The China National Petroleum Company (CNPC) has held ceremony in the city of Mandalay last week to celebrate the commencement of welding on the Burmese section of the Shwe gas pipeline as locals continue to complain of land confiscations.
The pipeline will run from Kyaukphyu township in Arakan State on Burma’s west-coast to southern China’s Yunnan province.
A local in Mandalay’s Kyaukpadaung township, through which the pipeline will pass, told DVB that farmlands and toddy plantations owned by local villagers are likely to be destroyed to make way for the pipeline’s construction;
“The pipeline is passing across our farmlands and toddy plantations so we are likely to lose them. Now we have been informed [by the authorities] which areas will be affected by the constructions. They said to call a meeting with farm owners,” said the Kyaukpadaung local.
He said the CNPC are negotiating with farm owners but it is not clear yet whether they would be paid compensations or not.
“The Chinese are here for the construction and they are currently negotiating and yet to specify the [compensation] – apparently they are also looking to build roads.”
The pipeline will carry natural gas from off shore Burmese blocks for nearly 800 km’s in Burma and also take Middle Eastern oil into South West China as the Chinese look to diversify supply routes away from the crowded Malacca straits.
The impact of the pipeline has been questioned along its entire length where activists have claimed that livelihoods are being destroyed with only vague promises of compensation to the affected. With a report by the environmental group Earth Rights International (ERI) earlier alleging; “numerous instances of land confiscation without adequate compensation.”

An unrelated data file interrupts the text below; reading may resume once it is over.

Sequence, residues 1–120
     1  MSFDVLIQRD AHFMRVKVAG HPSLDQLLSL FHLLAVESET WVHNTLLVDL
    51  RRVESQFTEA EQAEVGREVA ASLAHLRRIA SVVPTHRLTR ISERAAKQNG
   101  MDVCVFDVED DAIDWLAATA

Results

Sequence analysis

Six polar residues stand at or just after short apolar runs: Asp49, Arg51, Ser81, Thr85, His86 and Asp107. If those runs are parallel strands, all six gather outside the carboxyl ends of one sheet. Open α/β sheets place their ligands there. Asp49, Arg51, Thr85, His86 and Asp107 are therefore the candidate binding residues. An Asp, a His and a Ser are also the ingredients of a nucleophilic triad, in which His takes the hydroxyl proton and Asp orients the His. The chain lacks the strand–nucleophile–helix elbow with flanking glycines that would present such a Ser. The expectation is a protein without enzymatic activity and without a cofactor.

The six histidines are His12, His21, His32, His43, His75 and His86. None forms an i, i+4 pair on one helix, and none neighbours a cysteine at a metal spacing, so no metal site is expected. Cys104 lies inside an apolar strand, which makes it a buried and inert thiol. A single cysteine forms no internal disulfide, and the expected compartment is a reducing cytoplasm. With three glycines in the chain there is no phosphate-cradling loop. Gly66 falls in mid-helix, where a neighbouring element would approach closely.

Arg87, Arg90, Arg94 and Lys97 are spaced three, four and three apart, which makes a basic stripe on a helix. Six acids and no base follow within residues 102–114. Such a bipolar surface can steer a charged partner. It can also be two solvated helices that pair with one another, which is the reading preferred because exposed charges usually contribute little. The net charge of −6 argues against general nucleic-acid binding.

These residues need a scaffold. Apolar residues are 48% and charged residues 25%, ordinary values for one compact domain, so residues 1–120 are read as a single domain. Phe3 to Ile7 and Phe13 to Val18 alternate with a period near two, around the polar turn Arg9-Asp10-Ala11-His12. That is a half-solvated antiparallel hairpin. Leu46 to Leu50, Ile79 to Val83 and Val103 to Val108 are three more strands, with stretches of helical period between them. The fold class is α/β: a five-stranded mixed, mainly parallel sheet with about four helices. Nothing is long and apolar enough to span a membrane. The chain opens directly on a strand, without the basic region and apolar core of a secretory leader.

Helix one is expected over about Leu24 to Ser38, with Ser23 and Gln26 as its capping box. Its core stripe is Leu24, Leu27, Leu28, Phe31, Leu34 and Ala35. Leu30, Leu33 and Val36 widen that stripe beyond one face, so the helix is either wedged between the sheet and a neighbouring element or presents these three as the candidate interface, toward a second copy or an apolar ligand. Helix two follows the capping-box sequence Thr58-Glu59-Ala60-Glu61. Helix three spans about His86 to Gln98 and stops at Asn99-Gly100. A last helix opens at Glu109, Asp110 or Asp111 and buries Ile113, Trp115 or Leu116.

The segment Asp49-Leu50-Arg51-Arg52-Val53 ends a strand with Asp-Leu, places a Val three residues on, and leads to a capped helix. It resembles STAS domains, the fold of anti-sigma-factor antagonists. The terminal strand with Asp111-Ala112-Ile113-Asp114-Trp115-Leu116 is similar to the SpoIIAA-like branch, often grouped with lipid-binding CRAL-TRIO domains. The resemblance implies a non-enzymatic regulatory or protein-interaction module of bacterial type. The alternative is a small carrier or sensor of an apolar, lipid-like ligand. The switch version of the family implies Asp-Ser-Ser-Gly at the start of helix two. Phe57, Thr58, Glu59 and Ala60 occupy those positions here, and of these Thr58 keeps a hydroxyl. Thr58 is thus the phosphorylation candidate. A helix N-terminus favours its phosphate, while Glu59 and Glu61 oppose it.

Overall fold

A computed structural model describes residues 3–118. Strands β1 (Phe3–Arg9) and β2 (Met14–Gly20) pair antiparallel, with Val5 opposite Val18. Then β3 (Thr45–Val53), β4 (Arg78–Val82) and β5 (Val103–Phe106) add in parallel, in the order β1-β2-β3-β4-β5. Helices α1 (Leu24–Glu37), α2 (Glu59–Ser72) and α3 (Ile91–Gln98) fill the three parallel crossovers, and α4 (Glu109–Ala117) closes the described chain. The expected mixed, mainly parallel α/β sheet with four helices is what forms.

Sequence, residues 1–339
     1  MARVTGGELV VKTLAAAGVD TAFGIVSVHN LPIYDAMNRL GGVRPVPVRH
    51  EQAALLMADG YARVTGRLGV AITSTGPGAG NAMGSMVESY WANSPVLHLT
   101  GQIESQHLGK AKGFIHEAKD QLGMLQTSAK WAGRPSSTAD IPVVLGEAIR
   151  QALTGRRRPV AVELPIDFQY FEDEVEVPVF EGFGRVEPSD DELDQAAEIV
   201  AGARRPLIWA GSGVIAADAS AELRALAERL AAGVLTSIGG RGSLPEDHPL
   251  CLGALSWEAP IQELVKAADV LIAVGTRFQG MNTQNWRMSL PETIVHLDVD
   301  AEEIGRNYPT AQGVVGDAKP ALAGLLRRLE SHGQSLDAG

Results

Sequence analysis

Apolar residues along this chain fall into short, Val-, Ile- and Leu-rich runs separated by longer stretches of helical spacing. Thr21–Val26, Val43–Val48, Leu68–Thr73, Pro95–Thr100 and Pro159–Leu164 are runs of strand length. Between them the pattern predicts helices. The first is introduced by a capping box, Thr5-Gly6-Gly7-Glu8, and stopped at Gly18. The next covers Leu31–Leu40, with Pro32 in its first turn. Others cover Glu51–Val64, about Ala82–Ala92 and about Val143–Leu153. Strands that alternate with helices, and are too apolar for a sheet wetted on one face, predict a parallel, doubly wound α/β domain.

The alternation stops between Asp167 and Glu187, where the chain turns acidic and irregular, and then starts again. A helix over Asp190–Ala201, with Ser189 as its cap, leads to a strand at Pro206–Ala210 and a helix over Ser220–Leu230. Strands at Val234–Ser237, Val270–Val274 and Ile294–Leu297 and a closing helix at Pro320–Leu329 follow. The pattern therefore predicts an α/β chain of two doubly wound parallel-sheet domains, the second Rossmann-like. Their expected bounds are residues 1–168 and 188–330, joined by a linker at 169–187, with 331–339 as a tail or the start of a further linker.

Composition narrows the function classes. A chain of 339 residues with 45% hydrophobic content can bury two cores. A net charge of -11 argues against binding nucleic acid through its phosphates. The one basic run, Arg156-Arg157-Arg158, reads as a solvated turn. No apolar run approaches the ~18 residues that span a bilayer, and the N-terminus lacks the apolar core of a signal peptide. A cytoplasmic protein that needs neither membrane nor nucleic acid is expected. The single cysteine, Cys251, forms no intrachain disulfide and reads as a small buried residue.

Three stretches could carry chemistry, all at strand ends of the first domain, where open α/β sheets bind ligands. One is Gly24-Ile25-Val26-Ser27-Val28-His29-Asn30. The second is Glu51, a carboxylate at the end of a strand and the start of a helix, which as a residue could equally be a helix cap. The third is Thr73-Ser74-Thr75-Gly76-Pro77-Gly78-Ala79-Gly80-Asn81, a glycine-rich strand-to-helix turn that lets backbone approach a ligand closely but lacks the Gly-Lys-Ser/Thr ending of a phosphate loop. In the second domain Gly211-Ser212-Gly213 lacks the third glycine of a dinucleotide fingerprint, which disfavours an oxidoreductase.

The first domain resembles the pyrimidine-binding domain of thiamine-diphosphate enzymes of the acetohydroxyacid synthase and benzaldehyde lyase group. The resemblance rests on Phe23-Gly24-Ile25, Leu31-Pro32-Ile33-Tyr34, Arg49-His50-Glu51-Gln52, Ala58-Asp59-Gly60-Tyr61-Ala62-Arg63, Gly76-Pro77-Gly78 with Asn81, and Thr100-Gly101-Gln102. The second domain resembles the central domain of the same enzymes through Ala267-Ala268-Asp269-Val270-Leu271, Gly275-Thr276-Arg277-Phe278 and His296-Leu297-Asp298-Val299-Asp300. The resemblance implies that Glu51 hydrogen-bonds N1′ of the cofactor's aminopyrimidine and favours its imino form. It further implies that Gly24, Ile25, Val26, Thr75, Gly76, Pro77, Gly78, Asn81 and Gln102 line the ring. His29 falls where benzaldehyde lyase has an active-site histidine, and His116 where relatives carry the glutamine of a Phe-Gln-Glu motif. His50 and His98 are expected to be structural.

Whilst the same report also spoke to locals who alleged torture for merely expressing opposition to its construction.
The pipeline puts huge Chinese strategic imperative on Burmese soil as the value of planned oil imports from Saudi Arabia alone will be in the region of US$ 20 million per day.
Such imperatives will be tested by the volatile north of Burma where fighting has been raging between ethnic armed groups, such as the Shan State Army and the Burmese military. With some suggesting that the recent fighting is a Burmese attempt to pacify these areas specifically for such Chinese infrastructure projects.
It was earlier reported that as a result of the fighting there was a month long break in work on the pipeline, with work resuming at the end of June. Large numbers of pipes were seen being delivered to Burma from China.